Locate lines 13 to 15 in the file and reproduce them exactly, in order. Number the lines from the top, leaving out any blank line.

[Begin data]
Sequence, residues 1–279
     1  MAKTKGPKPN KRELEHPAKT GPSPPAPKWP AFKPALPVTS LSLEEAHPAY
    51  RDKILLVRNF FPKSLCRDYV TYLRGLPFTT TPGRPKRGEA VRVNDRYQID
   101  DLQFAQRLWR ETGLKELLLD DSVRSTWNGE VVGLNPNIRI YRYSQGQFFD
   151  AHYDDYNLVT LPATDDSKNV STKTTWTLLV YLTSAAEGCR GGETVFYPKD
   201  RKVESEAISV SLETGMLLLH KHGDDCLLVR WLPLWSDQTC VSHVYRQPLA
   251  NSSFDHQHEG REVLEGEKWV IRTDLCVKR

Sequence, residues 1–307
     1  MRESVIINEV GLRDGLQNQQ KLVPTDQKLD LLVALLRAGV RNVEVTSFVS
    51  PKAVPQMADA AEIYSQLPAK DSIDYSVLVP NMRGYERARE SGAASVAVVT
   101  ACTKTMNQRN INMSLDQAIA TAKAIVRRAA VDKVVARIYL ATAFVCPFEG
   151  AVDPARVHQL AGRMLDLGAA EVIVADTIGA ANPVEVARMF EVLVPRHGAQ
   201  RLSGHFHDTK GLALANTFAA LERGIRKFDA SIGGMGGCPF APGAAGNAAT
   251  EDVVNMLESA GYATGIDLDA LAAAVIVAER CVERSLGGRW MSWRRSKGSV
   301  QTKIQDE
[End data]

   201  RLSGHFHDTK GLALANTFAA LERGIRKFDA SIGGMGGCPF APGAAGNAAT
   251  EDVVNMLESA GYATGIDLDA LAAAVIVAER CVERSLGGRW MSWRRSKGSV
   301  QTKIQDE